Gratitude for Life (Even in Death)

anubis

Anubis, dog-headed God of Death. “Tutanhkamun jackal” by Jon Bodsworth http://www.egyptarchive.co.uk/html/cairo_museum_50.html. Licensed under Copyrighted free use via Wikimedia Commons

Over the weekend I celebrated my 30th birthday. This milestone has become a rather ambiguous one in Britain; although it symbolises reaching a certain level of maturity, and therefore status, many young people dread this birthday as it also represents the closure of youth and the approach of middle age and all those things that come with it – weight gain, failing health, lower energy levels and so on. People who are turning 30 may also feel like they have somehow failed if they haven’t reached other milestones by this age, such as getting married, owning a house or progressing in their career. And for women, turning 30 is a big reminder of the tick of the biological clock. It’s no wonder so many people have mixed feelings about this birthday!

But really, it should be treated as a celebration. Not everyone is privileged enough to reach this age. And attaining maturity is a good thing – it means you are wiser and more experienced, and probably more knowing of yourself than you were in your twenties. If only we could get Western culture to celebrate maturity again! Aware that I should be feeling grateful for the 30 wonderful years of my life I’ve been blessed with, I made a prayer and an offering of mochi (rice cake) to Inari Okami to thank her for my life.

This year’s birthday however was tinged with a different sort of sadness. The day before my birthday, our family dog had to be put down. He was 15 years old and had a lot of health problems (arthritis, digestive problems, neurological problems, you name it) and after months of different treatments and very strong painkillers, my parents and the vets mutually agreed that the kindest thing to do would be to put him to sleep.

It’s very poignant that at the same time I was celebrating a milestone in my life, a member of my family had come to the end of his.

I made a prayer to Inari-sama for my dog as well. Some Shintoists hold that because foxes and dogs are natural enemies, Inari-sama finds dogs offensive, but I see both foxes and dogs as members of the canine family, and therefore brothers. It therefore seemed natural for me to ask for Inari-sama’s blessings on my dog and to guide him safely to wherever he is destined to be now. I also wanted to express my gratitude as well, for the years of joy and love that our dog had brought us, and for easing his passing into the next world.

Next Full Moon, I think it would be appropriate to make offerings to some of the other deities associated with dogs – such as Anubis or Diana – in honour of my dog.

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5 Comments

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5 responses to “Gratitude for Life (Even in Death)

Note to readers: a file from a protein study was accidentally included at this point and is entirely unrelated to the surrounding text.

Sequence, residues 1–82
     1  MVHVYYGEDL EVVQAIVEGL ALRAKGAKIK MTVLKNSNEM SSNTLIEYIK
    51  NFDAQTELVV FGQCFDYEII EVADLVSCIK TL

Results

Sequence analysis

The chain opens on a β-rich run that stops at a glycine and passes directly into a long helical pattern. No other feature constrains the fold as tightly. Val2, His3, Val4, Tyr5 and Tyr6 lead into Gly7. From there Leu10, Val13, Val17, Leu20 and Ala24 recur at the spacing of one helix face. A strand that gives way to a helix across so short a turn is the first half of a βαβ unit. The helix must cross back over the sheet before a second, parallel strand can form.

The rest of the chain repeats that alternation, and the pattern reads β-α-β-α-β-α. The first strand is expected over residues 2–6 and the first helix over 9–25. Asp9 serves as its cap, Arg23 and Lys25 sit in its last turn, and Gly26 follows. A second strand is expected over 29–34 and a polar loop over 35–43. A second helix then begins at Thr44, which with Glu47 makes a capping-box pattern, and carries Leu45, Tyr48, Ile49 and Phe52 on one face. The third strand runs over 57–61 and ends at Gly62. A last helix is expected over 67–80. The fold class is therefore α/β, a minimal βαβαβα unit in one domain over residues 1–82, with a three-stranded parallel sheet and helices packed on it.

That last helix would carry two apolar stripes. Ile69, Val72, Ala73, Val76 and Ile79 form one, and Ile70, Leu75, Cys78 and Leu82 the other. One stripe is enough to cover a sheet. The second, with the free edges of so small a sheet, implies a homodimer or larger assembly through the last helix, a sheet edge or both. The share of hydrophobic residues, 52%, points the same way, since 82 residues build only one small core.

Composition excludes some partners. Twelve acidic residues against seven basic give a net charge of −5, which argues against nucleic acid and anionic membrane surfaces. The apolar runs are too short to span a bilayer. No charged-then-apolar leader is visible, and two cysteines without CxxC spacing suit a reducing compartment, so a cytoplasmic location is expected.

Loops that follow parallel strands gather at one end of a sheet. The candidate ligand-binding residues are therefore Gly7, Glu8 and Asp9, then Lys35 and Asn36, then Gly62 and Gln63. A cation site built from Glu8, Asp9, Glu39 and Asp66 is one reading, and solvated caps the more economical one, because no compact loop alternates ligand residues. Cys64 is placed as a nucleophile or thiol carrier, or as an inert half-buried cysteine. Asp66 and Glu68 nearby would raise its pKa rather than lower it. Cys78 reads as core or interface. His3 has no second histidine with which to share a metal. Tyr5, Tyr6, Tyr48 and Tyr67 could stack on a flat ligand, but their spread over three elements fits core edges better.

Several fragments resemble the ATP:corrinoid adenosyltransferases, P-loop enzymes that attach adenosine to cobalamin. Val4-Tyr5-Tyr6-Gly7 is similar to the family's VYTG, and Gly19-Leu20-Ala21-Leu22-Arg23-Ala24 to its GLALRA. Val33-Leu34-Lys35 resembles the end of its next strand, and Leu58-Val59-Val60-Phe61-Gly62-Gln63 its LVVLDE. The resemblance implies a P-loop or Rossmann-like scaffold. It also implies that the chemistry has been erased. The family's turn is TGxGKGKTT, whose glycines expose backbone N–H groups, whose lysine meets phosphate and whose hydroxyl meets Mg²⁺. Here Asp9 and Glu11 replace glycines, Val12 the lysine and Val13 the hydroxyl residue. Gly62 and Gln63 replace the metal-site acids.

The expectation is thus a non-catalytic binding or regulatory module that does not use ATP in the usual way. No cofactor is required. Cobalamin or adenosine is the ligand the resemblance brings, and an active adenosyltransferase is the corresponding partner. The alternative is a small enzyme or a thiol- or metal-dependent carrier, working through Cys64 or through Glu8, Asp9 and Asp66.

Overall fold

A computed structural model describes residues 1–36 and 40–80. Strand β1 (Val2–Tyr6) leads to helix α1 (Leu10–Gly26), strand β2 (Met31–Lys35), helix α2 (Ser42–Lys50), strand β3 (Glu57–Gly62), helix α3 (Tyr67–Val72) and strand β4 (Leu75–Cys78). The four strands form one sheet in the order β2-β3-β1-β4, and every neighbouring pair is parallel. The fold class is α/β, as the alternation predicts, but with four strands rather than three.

1. Happy belated birthday, and many happy returns! I don’t know if you will feel the same way, but my twenties were an awful difficult period of my life. I too was a bit anxious about turning 30, but now that I’m 32, I must say that I’m enjoying my 30s quite a bit more than I ever enjoyed my 20s. Perhaps you will think differently, but here’s hoping that the next decade of your life is a very happy one indeed!

    Also, I am deeply sorry to hear of your loss. It’s never easy when a member of one’s family passes away. Personally, I think your view on dogs and foxes relating to Inari makes sense. Why wouldn’t He appreciate all members of the canine family? I pray your dog is happy and well-fed over there on the other side.

    • Thank you so much for your kind and reassuring comments!

      I’m sure the 30s will actually turn about to be fine after all 🙂 I’m pretty content with how life is going at the moment!

      As for my dog, yes I’m actually glad that he’s not in any pain any more. He’d been going downhill for quite some time now (ever since our other family dog died, in fact, so I can’t help but feel he’d just given up in grief). So although we’ll all miss him very much, I do feel a sense of closure and relief that I’m not going to see him suffer any more. I knew this time was coming soon, and when I was dog-sitting for my parents a week or so ago, I made sure I took some time to say goodbye to him in my own way. I actually feel worse for my parents, as they’re the ones who’ve really raised him and their house must be feeling so empty now, with no dogs 😦 I’ll have to make sure they’re looked after!

      • Well whatever you do, don’t let anyone suggest to them that they just go and get another dog right away. My wife and I had some people make that suggestion when we first lost our cat last summer, and all it did was make us feel worse. We eventually got a new cat, of course, but we waited several months until we were ready. (Getting past Samhain and saying hello to our old kitty at the ancestor shrine that night was a big help.) Sometimes if a pet dies and we try to replace them immediately, all it does is send a message to the subconscious telling you that you aren’t allowed to grieve for the last ones, and even though it’s painful and it sucks, grief is really quite a healthy thing for us to go through. Of course, none of this may be an issue for your parents; I just know that when people suggested that idea to me last summer, it really got on my nerves.

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